Which is still mostly the case in the United States, and in spite of our differences, we mostly agree. So why don’t we bring public conversations back around to the temper and mood of conversations the people are having in Middlemarch? Where has our civil society gone? How do we get to a Middlemarch of our own?

 

 

 

 

 

 

 

 

Nice White Parents and Point Omega

Nice White Parents. I listened to the first three episodes of this new podcast about how a Brooklyn school serving mostly black and brown students was harmed by the arrival of the titular Nice White Parents, who flexed their privilege, proceeded to fundraise $50,000 (compared to a prior raise by the PTA of $2,000) and whose kids provided some truly squirmworthy comments. About how school integration may not be so desirable after all, how schools keep failing to support nonwhite kids, and how entrenched inequalities persist, and might be eradicated. This will be a five part series, and has already met with some dissension and controversy, but I am curious to hear the next episodes and see where it goes. Whether or not you agree with the portrayal of the issues or the conclusions, it’s a fascinating listen.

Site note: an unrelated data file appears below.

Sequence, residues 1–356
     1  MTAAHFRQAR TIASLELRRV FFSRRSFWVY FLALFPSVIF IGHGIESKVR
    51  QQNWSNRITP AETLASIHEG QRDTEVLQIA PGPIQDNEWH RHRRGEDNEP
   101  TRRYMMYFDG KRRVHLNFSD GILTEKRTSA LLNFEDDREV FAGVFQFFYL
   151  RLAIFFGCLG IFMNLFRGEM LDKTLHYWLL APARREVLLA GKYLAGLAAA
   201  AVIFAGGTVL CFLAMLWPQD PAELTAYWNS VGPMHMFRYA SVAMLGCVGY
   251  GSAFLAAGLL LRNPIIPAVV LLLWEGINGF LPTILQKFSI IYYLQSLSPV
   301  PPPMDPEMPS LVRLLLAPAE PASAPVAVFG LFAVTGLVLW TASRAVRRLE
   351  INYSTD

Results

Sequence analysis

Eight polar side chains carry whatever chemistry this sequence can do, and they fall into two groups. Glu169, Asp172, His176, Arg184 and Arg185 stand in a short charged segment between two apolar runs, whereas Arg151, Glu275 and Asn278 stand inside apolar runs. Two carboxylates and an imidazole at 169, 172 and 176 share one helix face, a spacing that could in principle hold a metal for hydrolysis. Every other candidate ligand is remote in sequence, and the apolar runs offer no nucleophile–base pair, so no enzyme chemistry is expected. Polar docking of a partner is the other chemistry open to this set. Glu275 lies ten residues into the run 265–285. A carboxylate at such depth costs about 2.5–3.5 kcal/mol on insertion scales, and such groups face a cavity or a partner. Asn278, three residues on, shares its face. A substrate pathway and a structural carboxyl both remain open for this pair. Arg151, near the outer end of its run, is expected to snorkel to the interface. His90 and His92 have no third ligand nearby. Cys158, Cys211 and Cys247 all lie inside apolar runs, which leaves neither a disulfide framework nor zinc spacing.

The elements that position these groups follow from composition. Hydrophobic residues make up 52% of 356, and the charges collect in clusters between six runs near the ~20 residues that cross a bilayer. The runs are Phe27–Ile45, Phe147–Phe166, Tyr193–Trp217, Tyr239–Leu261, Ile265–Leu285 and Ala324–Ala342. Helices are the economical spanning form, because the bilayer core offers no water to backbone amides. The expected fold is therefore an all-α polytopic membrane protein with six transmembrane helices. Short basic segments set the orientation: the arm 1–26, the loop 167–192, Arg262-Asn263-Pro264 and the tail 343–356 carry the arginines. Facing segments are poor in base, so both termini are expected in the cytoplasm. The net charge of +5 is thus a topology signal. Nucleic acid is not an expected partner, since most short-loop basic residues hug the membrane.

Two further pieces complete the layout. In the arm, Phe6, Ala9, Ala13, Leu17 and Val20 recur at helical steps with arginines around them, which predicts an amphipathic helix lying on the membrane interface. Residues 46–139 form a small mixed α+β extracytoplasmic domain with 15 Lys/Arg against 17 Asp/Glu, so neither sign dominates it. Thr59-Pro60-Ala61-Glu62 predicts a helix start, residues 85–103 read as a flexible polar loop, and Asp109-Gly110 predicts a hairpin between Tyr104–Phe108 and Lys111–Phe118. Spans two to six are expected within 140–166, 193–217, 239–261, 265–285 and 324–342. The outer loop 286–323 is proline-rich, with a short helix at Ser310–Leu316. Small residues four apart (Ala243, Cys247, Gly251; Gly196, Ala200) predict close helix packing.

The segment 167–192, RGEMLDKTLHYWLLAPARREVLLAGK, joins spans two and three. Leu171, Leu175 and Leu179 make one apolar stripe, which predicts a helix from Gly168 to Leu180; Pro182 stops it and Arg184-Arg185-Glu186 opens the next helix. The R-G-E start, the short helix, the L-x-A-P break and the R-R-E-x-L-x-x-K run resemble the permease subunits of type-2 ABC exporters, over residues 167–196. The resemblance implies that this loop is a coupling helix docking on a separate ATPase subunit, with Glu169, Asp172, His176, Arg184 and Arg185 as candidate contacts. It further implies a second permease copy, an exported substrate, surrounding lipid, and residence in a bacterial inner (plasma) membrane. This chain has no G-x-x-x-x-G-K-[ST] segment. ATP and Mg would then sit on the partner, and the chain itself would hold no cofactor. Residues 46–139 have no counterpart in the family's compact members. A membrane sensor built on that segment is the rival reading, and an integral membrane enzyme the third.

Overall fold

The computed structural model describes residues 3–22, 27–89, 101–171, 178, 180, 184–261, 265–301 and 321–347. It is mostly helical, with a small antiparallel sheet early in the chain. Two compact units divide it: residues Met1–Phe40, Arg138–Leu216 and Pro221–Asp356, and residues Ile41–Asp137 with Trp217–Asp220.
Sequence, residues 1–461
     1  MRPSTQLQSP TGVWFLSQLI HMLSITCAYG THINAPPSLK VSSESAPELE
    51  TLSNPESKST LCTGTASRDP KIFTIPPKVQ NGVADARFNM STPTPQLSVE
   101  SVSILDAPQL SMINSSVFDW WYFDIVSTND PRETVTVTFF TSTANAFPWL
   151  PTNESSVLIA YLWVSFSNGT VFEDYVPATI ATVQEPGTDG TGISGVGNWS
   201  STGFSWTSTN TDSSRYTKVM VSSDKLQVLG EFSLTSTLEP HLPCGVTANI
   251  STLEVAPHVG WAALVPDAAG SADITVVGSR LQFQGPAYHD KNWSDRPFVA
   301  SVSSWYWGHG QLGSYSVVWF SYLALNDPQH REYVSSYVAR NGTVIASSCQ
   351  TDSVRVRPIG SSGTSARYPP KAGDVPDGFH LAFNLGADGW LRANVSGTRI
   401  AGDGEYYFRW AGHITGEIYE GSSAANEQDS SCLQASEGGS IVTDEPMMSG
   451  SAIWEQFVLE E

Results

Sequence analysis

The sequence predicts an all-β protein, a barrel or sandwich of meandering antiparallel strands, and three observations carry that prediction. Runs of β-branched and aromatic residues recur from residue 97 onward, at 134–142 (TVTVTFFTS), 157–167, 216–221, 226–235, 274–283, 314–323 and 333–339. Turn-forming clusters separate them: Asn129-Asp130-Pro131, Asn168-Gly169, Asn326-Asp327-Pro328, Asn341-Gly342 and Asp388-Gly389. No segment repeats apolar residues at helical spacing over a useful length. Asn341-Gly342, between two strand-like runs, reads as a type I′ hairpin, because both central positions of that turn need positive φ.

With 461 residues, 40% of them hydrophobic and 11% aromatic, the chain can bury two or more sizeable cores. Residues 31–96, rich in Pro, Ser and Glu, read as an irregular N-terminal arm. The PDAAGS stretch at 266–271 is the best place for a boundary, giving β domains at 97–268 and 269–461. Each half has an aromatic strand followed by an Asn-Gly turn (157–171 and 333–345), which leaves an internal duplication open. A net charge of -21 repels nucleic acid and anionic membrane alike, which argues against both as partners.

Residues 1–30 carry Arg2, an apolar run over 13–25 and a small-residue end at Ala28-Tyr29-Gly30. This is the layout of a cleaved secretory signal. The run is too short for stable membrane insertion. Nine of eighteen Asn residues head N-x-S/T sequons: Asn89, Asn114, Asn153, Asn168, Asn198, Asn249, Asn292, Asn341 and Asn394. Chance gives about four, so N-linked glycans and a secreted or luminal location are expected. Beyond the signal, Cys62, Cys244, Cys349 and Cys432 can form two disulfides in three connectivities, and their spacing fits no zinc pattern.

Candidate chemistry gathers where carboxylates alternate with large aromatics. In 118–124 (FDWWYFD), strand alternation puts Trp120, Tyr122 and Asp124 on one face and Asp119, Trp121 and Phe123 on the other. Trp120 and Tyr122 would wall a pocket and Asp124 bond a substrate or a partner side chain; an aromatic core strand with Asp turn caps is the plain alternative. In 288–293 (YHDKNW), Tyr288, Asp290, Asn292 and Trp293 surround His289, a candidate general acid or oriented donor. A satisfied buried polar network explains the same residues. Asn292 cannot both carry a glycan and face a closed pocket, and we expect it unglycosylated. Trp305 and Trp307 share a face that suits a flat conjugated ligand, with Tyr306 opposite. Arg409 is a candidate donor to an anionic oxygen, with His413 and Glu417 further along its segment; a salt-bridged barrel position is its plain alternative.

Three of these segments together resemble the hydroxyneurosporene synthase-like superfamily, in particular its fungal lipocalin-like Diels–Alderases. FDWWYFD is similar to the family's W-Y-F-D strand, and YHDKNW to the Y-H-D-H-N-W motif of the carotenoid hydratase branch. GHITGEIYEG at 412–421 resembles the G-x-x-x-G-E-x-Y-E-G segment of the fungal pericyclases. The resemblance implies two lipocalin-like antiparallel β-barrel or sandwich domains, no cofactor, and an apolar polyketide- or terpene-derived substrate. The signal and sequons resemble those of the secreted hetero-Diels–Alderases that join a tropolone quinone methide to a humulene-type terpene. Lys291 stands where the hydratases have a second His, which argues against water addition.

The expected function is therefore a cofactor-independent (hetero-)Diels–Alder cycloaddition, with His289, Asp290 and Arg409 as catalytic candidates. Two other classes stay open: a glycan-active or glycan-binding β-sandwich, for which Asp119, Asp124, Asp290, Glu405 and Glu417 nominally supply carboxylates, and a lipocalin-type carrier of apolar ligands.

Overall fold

Point Omega. When reading Don DeLillo novels, I often feel as if I have entered a cold, white, vast, fluorescent-lit space, like a data center, interstellar terminal, or morgue. Point Omega was no different. Beautifully structured though it was, a brief 5 chapters, it was set in both the desert and the mind–unforgiving, spare places beyond time’s horizon. We were promised a glimpse of a bighorn ram, which never materialized, and though there were sunsets and occasional glimpses of earthly loveliness, human connection was absent and human relations were reduced to voyeurism, stalking, staring, predation and self-absorption. Who is and who is not a DeLillo Fan? I try, repeatedly, but am not.